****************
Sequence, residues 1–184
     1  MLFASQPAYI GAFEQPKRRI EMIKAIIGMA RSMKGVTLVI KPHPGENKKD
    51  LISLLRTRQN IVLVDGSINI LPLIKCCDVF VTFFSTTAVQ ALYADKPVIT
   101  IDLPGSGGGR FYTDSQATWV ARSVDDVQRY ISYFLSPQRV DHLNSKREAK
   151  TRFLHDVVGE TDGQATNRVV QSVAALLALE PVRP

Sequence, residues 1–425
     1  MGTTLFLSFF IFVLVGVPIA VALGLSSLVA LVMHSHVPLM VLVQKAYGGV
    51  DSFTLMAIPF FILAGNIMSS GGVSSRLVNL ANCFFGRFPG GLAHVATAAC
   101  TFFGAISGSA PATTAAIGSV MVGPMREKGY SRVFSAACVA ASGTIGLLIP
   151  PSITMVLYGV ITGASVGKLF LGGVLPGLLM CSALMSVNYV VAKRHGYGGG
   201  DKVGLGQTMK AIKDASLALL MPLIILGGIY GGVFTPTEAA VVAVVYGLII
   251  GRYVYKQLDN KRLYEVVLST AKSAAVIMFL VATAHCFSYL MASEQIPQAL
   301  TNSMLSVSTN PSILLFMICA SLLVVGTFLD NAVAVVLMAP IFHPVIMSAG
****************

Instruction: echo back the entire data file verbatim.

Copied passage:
Sequence, residues 1–184
     1  MLFASQPAYI GAFEQPKRRI EMIKAIIGMA RSMKGVTLVI KPHPGENKKD
    51  LISLLRTRQN IVLVDGSINI LPLIKCCDVF VTFFSTTAVQ ALYADKPVIT
   101  IDLPGSGGGR FYTDSQATWV ARSVDDVQRY ISYFLSPQRV DHLNSKREAK
   151  TRFLHDVVGE TDGQATNRVV QSVAALLALE PVRP

Sequence, residues 1–425
     1  MGTTLFLSFF IFVLVGVPIA VALGLSSLVA LVMHSHVPLM VLVQKAYGGV
    51  DSFTLMAIPF FILAGNIMSS GGVSSRLVNL ANCFFGRFPG GLAHVATAAC
   101  TFFGAISGSA PATTAAIGSV MVGPMREKGY SRVFSAACVA ASGTIGLLIP
   151  PSITMVLYGV ITGASVGKLF LGGVLPGLLM CSALMSVNYV VAKRHGYGGG
   201  DKVGLGQTMK AIKDASLALL MPLIILGGIY GGVFTPTEAA VVAVVYGLII
   251  GRYVYKQLDN KRLYEVVLST AKSAAVIMFL VATAHCFSYL MASEQIPQAL
   301  TNSMLSVSTN PSILLFMICA SLLVVGTFLD NAVAVVLMAP IFHPVIMSAG